An understatement, but it nevertheless brought a pretty blush to her ivory cheeks. “Merci. It is the new dress.” She released his hands and did a pirouette worthy of the stage. “From Paris. Grand-père had it commissioned.”
“I told her she would be the envy of all the ladies in England.” Prince Albert stood with an indulgent smile. Justin didn’t miss the sorrow around its edges.
“Indeed.” Yet it wasn’t the gown that would set her apart—it was her spirit. No other lady he’d met in England laughed with such abandon, moved with such grace, put such passion into her every pursuit.
He prayed that spirit, and the faith beneath it, would be enough to sustain her through the transition ahead.
As if the same thought had possessed her, her smile dimmed, as did the diamond gleam in her emerald eyes. “You’ll join us for dinner, oui?”
“I would be delighted.” For now, he led her to the settee and took the cushion beside her. “Has it sunk in yet?”
Her ﬁngers toyed with the dual pearls dangling from her necklace. If there were a surer sign of her perplexity . . . “What if I am not this baroness? What if they turn me away?”
The prince huffed. “That is simple. Then you will come home.” He came to them and sat on the settee, resting a hand on Brook’s shoulders. He had fought for her, fought to move her into the palace after Collette’s death, though the rest of the family thought it a mistake. Because by then Brook had already been his fifille—his little girl. Prince Albert would always be her grandfather.
Although even if she were not the baroness, Justin had no intentions of bringing her back to Monaco. He would convince her to stay, somehow or another. The thought of not seeing her for years wasn’t to be borne. “We are not mistaken, Brooklet. Had I not been sure about this, I never would have said anything.”
“There is no reason to doubt, and every reason to believe this is who you are.” He held out his hand until she put hers in it, then covered her slender ﬁngers with his. “You have a father eager to love you. An aunt to usher you into society. Cousins near you in age waiting to become your friends. The Lord has prepared your place. There is no need to fear.”
He could see the trust returning to her eyes, the sparkle that brought light to the ﬂecks of amber around her pupils, to the rings of sapphire around the emerald.
His chest went tight. What would it be like to gaze into her eyes every day? To hear her laugh, her voice, to share stories whenever they pleased? To have the right to draw her into his arms and see if her lips were as soft as they looked?
Maybe he wouldn’t wait to declare himself. Maybe he could win her heart now and deliver her to Whitby as his ﬁancée—and use the wedding to lure Father home.
Hurried footsteps intruded, startling enough to warrant the frown on the prince’s face. When a footman charged into the room, the look of horror he wore brought Justin to his feet, Brook along with him. If some crisis of state were about to be announced—and with the revolt of a few months ago still fresh in their memories, he wouldn’t discount it—he would take his leave so the prince could attend to business.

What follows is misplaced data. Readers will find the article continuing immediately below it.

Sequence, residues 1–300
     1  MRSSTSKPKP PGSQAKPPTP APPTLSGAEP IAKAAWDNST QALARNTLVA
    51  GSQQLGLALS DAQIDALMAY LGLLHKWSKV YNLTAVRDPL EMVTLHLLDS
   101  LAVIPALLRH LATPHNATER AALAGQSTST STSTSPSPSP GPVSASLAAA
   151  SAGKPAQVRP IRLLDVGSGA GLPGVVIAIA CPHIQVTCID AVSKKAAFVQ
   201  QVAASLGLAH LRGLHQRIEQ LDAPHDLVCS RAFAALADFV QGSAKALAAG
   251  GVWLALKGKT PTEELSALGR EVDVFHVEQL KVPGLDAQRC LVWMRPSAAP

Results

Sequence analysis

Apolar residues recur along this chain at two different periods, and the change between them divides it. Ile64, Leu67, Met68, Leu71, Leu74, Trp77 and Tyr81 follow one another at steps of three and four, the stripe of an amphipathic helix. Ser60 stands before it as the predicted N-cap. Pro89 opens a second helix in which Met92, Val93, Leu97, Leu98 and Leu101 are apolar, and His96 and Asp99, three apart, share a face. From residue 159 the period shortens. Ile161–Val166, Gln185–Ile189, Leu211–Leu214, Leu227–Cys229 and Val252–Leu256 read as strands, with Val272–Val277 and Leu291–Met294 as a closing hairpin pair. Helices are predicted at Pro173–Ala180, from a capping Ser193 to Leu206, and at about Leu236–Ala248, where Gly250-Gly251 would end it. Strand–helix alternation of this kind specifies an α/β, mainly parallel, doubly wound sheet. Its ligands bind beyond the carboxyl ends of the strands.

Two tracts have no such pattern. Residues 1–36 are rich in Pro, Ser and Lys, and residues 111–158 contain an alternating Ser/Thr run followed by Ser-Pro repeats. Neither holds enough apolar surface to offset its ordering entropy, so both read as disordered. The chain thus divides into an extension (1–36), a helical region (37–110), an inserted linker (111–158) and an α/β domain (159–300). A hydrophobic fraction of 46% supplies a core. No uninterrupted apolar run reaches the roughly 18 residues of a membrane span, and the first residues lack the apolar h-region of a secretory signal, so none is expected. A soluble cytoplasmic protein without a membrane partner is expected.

But the servant looked to him. “Excusez-moi, Lord Harlow. Forgive me for bringing such news, my lord, but . . . your father. There has been an accident on the mountain road.”
His ﬁngers went lax within Brook’s tightened grip. Clouds gathered before his eyes. “What kind of accident?”
WHITBY PARK, NORTH YORKSHIRE, ENGLAND
Deirdre O’Malley held the fresh sheets to her chest and sent an amused look toward the housekeeper. How much longer could his lordship’s sister keep pacing the halls like a caged beast? Lady Ramsey had intercepted Deirdre nearly half an hour past to keep her from carrying out Lord Whitby’s command to ready the Blue Room, but she had yet to decide which one ought to be prepared in its stead.
Though Mrs. Doyle pressed her lips tight to suppress a smile, she sent Deirdre a wide-eyed, cautionary look. “The Rose Room, my lady? Is that one far enough from Lady Regan and Lady Melissa?”
The marchioness sighed and pressed a hand to her brow. “It is too far. If we put the girl in there, my brother will know exactly what we’re about. I don’t want her near my daughters, but we can’t put her at the opposite end of the wing.”
“It would show her plain as day what we think of her,” Deirdre murmured into the sheets, though she knew she ought to keep the thought to herself.
But her ladyship smiled and let her jet-clad wrist fall to her side again. “Ah, but my brother is convinced this one is real.”
“As he hoped the last three times.” Mrs. Doyle started back toward the end of the hall nearer the stairs. “We all know how those ended.”
That they did—in each pretender being kicked to the drive. And with the earl becoming more a recluse than ever.
“What about the Green Room?” Mrs. Doyle opened a door halfway down the hall.
Lady Ramsey peered in. “It is awfully grand.”
The way the housekeeper’s spine snapped even straighter than usual would have been more amusing had Deirdre not caught a glimpse of the clock on the chamber’s mantel. Her half-day oﬀ duty would begin in another ﬁfteen minutes, but she could hardly leave in the middle of a task without getting a scolding. Though, if she didn’t make it into the village by two . . .
“My lady, of course it is grand—they all are. This is Whitby Park, after all.”
“So I am aware.” Her ladyship chuckled and touched a hand brieﬂy to Mrs. Doyle’s arm. “Very well, then—the Green Room it is. I will let my brother know I have changed his arrangements.”
Much as she liked Lady Ramsey, Deirdre breathed more easily once the lady had gone back down the stairs. She followed Mrs. Doyle into the bedchamber and set the sheets down. When she turned, the older woman was pulling oﬀ the coverlet. “Oh, you needn’t trouble yourself, ma’am!”